ONE of the most controversial provisions in Nigeria’s constitution is the retention of the Land Use Act and this has continued to affect surveying practice, hence the time to remove the Act from the nation’s constitution is now.
Nigerian surveyors made this call last week in Abuja, during a brief by the Nigerian Institution of Surveyors (NIS) on the annual Olumide Memorial Lecture.
They said the call could not have been made other than now that the National Assembly is preparing for the review of the 1999 Constitution.
President of the institution, Mr. Bode Adeaga, a surveyor, said that the inclusion of the Land Use Act should not be a constitutional matter but an Act of parliament to allow for easy review whenever the need arises.
Adeaga while noting that the present land tenure system in Nigeria was faulty expressed optimism that the ongoing land reform embarked upon by the federal government would be used to address some of the bottlenecks associated with land administration in the country.
He noted the body had submitted memoranda to the Senate Committee on Land, in vital areas that affect surveying, which he said should be looked into. These include the recognition of the role of surveyors in the Land Use Act, boundary demarcation and general mapping of the country.
On the effects of climate change and the attendant flooding witnessed in the country recently, Adeaga said that incidences of flooding across the country and the attendant consequences of human displacement, poses serious challenges to food production, ecology and land use.
He noted that surveyors are well positioned to assist government in managing the challenges and provide guide to actions that would help mitigate their impacts.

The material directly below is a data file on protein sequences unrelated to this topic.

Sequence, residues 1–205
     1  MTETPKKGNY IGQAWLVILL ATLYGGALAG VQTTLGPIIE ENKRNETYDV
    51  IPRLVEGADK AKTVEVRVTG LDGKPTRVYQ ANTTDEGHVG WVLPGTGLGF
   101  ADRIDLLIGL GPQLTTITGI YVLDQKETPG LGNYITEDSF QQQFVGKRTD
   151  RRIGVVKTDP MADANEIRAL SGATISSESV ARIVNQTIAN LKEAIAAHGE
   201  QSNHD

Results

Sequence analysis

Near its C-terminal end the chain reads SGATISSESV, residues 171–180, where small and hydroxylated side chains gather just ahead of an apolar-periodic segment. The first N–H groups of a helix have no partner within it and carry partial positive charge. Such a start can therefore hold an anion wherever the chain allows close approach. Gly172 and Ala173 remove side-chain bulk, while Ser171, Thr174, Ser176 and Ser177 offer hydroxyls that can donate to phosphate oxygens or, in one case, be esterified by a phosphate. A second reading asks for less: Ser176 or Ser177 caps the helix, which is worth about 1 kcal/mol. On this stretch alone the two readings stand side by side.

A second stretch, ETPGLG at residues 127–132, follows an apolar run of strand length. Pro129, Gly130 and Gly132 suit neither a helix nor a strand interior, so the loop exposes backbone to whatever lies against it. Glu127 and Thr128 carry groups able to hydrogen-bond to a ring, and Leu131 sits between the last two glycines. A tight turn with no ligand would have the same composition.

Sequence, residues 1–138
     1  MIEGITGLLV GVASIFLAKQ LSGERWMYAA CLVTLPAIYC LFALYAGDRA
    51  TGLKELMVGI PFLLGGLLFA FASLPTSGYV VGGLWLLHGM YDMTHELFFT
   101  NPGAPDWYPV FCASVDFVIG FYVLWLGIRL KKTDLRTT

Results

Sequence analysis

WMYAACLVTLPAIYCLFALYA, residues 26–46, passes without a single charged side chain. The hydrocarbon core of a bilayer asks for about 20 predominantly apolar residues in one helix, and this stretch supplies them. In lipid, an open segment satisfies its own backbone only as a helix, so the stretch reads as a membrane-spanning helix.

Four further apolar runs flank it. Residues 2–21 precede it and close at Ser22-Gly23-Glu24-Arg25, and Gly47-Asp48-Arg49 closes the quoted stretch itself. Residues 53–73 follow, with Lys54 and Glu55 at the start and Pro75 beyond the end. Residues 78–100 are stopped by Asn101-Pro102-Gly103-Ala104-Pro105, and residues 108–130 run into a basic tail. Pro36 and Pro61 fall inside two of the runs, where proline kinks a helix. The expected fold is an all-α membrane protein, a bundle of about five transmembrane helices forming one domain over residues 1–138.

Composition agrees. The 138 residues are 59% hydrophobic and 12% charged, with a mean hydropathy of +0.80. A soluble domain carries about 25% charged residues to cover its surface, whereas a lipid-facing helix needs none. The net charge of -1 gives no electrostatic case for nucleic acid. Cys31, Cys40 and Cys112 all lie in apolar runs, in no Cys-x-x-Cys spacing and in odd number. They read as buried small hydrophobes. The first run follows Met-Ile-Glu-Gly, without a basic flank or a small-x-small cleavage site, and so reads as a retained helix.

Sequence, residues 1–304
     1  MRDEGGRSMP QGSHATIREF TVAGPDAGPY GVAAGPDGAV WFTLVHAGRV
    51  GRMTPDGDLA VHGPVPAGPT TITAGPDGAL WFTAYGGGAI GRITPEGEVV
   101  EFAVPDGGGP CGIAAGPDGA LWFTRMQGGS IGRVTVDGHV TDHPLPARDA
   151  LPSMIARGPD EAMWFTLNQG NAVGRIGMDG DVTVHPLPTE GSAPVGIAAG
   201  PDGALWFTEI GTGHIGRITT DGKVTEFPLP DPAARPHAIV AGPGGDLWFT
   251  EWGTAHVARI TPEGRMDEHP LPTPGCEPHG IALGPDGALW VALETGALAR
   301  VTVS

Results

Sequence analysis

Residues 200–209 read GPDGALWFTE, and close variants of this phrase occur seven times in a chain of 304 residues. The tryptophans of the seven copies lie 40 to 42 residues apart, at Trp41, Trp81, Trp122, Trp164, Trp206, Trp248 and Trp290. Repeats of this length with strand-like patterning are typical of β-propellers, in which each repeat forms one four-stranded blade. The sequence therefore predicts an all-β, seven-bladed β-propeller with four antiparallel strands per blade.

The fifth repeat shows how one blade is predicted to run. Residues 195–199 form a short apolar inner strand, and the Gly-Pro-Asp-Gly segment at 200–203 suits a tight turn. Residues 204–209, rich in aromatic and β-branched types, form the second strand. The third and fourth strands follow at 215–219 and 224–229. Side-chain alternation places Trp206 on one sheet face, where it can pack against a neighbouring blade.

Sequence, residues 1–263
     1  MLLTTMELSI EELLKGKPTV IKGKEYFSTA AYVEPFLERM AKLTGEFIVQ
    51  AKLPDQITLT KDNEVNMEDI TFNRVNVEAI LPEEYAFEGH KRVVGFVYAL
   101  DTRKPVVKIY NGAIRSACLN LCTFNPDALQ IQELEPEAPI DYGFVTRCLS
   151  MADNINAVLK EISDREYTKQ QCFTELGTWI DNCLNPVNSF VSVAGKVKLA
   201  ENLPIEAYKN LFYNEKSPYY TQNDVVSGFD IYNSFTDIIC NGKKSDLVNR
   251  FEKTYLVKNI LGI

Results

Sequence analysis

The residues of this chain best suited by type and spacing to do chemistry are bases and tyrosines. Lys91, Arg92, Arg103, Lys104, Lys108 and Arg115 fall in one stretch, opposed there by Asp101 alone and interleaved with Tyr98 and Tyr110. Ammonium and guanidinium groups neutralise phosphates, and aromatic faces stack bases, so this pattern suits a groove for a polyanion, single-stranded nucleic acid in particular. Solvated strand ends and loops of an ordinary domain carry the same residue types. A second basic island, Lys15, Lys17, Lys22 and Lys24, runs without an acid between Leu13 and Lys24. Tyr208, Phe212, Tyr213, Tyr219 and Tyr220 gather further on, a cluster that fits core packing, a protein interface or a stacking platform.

“ The profession produces spatial information that is relevant to all areas of planning and development in a sustainable basis, we are only advocating adequate recognition of the services and competence of professionals to assist in these areas”.
On the ongoing land reform, Adeaga stated that the development of any nation hinges on its ability to free its land resource for production and development adding that the ability of the individual landowner to access capital on the strength of his title to land determines the quantum of development achievable within a time frame.
Also speaking, the Deputy President of the institution, Bern Omo Akhigbe said that total and proper mapping of the entire country would help to address the problems of flood and insecurity facing the country.
In a related development, the President, International Federation of Surveyors (FIG) CheeHai Teo, has said that climate change, natural disasters, population growth, urbanization and the growing demands for land for agriculture are increasingly affecting rights and equitable access to land.
He stressed the need to move away from business-as usual and act to end poverty, address environmental destruction and build bridge to the future.
Teo who made the remarks at the event, noted that responsible governance of tenure of land as well as other natural resources can help reduce undernourishment, hunger poverty and help create opportunities to support social and economic development
He said : “Weak governance of tenure hinders sustainable use of environment, economic growth and can condemn people to hunger, poverty and loss of lives through violent conflicts’, urging the trend to be reversed.
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